Voluntarily deregister your company

A company officially closes when it is deregistered with the Australian Securities & Investments Commission (ASIC).

When you deregister a company, it will cease to exist as a legal entity and is no longer able to trade.

Until you deregister the company, it must continue to meet all the legal requirements of a company. This includes annual review fee payments, even if it is no longer trading.

Consult your legal adviser, accountant or business adviser for advice to make sure closing your business is the right move.

Eligibility to voluntarily deregister

Only solvent companies can voluntarily deregister. If your company is insolvent, read ASIC’s guidance on how you can wind up an insolvent company. In order to voluntarily deregister your company, it must meet all of the following conditions:

  • all members of the company agree to deregister
  • the company has stopped trading
  • the company's assets are worth less than $1000
  • the company has no more outstanding liabilities, including employee entitlements
  • the company is not involved in any legal proceedings
  • the company has paid all fees and penalties payable to ASIC

Application for voluntary deregistration of a company

You can deregister your company with ASIC. Before you deregister your company make sure:

  • your company bank accounts are closed
  • any registered business names and licenses are cancelled
  • your final tax return has been lodged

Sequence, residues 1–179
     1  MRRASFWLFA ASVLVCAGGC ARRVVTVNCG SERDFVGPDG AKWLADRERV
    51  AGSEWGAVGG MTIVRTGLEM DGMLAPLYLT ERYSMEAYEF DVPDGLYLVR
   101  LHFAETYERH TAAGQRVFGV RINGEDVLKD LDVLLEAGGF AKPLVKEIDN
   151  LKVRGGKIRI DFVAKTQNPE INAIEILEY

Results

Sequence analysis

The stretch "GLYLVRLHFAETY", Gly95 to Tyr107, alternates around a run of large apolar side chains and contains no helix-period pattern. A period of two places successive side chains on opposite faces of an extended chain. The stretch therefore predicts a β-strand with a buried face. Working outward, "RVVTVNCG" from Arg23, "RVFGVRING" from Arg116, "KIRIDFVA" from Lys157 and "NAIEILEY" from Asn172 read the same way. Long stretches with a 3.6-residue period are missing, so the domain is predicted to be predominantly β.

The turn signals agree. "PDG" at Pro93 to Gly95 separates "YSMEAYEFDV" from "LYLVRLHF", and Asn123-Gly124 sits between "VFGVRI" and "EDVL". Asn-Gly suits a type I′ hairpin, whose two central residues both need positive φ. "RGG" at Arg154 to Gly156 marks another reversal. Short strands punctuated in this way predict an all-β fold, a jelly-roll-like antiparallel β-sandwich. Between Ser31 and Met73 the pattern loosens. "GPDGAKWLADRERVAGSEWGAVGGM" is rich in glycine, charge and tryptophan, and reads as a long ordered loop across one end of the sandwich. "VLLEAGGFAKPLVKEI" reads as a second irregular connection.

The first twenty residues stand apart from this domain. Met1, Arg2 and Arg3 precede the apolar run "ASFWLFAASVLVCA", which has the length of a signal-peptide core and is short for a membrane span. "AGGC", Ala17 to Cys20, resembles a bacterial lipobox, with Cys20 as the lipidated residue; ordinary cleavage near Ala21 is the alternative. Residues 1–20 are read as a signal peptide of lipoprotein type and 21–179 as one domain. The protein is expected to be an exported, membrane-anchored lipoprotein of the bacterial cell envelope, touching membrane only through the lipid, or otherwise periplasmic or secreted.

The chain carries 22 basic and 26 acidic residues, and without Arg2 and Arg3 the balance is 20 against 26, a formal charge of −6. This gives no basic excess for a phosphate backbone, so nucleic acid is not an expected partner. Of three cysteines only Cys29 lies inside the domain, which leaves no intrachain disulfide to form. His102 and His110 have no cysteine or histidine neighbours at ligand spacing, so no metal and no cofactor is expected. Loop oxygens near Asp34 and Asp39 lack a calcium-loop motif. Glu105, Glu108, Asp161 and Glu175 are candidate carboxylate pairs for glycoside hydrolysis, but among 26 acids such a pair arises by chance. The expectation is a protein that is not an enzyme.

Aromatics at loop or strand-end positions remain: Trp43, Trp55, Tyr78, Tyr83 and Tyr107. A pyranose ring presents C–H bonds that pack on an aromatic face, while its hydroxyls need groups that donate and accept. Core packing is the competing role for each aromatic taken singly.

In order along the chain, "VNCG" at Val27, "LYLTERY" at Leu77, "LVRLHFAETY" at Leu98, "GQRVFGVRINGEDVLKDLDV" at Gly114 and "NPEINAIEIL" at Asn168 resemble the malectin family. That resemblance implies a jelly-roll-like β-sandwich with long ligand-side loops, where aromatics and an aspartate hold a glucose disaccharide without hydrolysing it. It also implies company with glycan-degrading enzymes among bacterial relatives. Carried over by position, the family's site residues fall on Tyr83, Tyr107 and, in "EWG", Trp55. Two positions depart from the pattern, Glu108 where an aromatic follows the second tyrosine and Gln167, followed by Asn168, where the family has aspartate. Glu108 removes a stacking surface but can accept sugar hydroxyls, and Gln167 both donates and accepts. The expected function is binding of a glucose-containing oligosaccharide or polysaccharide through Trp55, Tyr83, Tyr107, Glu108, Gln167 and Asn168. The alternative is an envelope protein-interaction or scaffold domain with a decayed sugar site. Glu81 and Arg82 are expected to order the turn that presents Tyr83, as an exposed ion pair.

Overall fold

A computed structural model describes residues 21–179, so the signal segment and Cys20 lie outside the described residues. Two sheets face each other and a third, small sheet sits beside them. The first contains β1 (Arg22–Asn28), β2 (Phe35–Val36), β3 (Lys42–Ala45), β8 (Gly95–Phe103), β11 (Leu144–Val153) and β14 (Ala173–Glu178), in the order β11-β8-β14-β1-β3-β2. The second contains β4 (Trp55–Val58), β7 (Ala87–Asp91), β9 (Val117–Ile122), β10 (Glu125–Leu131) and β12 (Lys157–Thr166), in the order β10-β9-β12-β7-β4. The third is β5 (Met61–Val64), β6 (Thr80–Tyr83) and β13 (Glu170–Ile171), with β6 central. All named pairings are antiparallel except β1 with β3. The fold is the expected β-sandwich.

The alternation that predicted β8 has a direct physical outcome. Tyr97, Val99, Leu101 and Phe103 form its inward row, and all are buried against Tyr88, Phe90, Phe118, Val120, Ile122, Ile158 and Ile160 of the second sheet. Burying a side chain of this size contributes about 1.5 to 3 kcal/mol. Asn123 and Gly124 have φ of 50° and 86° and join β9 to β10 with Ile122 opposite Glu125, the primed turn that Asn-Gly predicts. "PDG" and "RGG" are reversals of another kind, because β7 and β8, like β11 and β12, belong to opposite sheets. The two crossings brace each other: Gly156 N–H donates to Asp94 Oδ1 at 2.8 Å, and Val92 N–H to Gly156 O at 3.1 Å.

Deregister your company

It costs $47 to apply for voluntary deregistration.

If you're submitting your application online, you’ll need to pay any other outstanding ASIC fees before you can submit your application. The application fee itself will be invoiced after submission and needs to be paid within 28 days, otherwise your application will lapse and you will need to re-apply.

Applications submitted on a paper form will need to include a cheque to pay for the application fee and any other outstanding ASIC fees.

If your company’s annual review fee is about to be due, you will need to make sure that your deregistration application is received and processed by ASIC at least two weeks before the due date. If the application is not received on time, the annual review fee will need to be paid in full even if the company is no longer in use. Consider submitting online to make sure your deregistration application is received and processed on time.

If ASIC rejects your application, they will write to you to advise why they rejected your application. You can contact ASIC if you have any further questions about your application.

If ASIC approves your application, they will write to you to confirm your company's impending deregistration and publish a notice on ASIC's Published notices website.

Applications submitted in paper can take up to two weeks (including postage) for ASIC to process and publish a notice on their website.

Applications lodged online will be processed immediately.

Two months after the notice has been published, your company may be deregistered. ASIC will send you a confirmation notice.

If you apply for deregistration and you do not meet all these requirements (e.g. your company has more than $1000 in assets), ASIC will reject your application. They will write to you to advise why they rejected your application. ASIC will not refund your application fee.

The members of the company can then choose to wind up the company voluntarily, in order to close the company.

Visit the ASIC website for more information on closing down your company.

There are two methods to reinstate a deregistered company:

  • apply to ASIC for reinstatement
  • apply to the court to order ASIC to reinstate your company - this can be used if you don’t meet ASIC’s criteria for reinstatement

Reinstating your company will restore it to a registered company as if it were never deregistered.

Read more about reinstating a deregistered company on the ASIC website.

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